Lawmakers have introduced a bill in the North Carolina House that would create a universal Education Savings Account to allow parents to pay directly for approved non-public educational expenses for their children.
House Bill 420, Expand and Consolidate K-12 Scholarships, would significantly expand the school choice landscape in the Tar Heel State. The bill, sponsored by Rep. Donnie Loftis, R-Gaston, would eventually phase out and replace the Opportunity Scholarship Program with an ESA valued at 100% of the state’s per pupil allotment for public school students. For 2022, that amount was $7,426.
The ESA accounts could only be used for approved educational expenses, such as private school tuition, textbooks, tutoring services, educational therapies, and technological devices.
“HB 420 lays out a bold program. But a bold program is needed to empower parents to direct how and where their children are educated,” said Dr. Robert Luebke, director of the Center for Effective Education at the John Locke Foundation.
The new ESA would not be income-based, meaning any family in North Carolina could take advantage of it. The program would be phased in over three years, beginning with the 2024-2025 school year in which students would be eligible for 33% of the per pupil allotment. That increases to 66% for the 2025-2026 school year until reaching 100% for the 2026-2027 school year. Homeschool students would be eligible for 28% of the per pupil allotment each year.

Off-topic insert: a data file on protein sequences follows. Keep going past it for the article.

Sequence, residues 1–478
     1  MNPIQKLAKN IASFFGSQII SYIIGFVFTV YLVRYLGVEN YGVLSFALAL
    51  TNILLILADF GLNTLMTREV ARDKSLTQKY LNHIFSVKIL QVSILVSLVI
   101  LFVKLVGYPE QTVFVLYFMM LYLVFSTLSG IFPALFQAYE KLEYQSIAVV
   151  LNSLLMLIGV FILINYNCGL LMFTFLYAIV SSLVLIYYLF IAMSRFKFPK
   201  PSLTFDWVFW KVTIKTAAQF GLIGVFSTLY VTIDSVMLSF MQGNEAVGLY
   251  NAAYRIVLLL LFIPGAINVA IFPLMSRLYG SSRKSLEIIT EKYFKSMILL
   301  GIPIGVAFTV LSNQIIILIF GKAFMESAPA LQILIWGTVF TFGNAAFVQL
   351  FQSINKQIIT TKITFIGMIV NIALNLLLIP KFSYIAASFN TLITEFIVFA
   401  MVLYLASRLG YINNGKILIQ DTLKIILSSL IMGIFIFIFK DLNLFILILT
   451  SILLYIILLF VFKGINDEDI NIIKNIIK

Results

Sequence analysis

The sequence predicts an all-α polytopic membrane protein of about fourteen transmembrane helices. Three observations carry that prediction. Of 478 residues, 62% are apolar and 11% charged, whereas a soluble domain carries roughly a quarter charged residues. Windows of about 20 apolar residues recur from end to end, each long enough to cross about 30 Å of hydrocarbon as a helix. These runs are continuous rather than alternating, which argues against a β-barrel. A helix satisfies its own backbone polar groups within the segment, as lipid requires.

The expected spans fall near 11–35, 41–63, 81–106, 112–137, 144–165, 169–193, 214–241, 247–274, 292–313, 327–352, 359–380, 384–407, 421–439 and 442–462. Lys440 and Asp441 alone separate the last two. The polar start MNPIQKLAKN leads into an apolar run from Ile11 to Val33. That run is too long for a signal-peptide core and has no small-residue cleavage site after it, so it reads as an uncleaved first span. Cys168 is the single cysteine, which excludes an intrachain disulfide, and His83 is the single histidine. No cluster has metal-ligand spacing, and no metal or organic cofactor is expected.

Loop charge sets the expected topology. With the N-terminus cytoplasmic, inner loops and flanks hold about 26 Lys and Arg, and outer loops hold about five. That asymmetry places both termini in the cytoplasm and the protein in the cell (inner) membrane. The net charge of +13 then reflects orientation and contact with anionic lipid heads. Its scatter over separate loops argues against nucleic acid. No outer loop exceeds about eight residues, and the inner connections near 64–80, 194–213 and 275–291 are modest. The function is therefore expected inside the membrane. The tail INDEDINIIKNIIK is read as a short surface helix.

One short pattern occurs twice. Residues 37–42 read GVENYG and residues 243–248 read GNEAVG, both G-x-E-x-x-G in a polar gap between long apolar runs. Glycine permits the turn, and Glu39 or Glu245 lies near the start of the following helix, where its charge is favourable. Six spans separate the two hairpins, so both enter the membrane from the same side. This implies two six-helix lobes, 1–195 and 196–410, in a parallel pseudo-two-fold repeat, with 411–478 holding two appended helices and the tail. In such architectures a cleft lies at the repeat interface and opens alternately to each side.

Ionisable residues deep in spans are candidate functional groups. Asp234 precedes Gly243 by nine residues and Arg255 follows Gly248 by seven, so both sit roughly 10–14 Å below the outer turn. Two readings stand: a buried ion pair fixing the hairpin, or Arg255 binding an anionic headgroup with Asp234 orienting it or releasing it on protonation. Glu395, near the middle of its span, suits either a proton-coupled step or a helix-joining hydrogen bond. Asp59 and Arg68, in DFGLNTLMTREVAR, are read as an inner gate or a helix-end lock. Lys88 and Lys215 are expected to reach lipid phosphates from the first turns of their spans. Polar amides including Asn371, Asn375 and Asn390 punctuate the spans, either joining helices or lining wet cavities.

“There is a movement that has been building in North Carolina — parents, families, and students are demanding that our state legislature recognizes the importance of the expansion of parental school choice,” said Mike Long, president of Parents for Educational Freedom in North Carolina. “I am grateful for Rep. Loftis of the North Carolina General Assembly for introducing HB 420, and his colleagues who have quickly signed-on to support the bill. By doing so, our state takes another step towards funding North Carolina students, not systems. With demand continuing to rise from parents and families who want to ensure their children are getting the best education, supply must increase as well.”
Four states — Arizona, Iowa, Utah, and Arkansas — have approved similar universal ESAs, and a number of other states are considering them.
North Carolina currently has two school choice programs — the Opportunity Scholarship Program and the ESA+ program. Opportunity Scholarships are designed to allow low- and moderate-income families to attend private schools, while ESA+ is only available for students with specific special needs.
In the last two years, lawmakers have OK’ed major expansions of the Opportunity Scholarship Program. They moved the value of each scholarship from $4,200 to nearly $6,500 a year and expanded the upper income eligibility for a family of four from $64,465 in the 2020-2021 school year to $111,000 for the 2023-2024 school year.
Gov. Roy Cooper’s proposed budget for the new biennium would phase out the Opportunity Scholarship Program over a number of years.
“We encourage Rep. Loftis’ colleagues in both chambers to support parental school choice and to work across the aisle to expand educational opportunities for students in our state. Let’s see more like HB 420 this legislative session and let’s work to fund students and not systems through bills like this and the state budget this year,” Long added.
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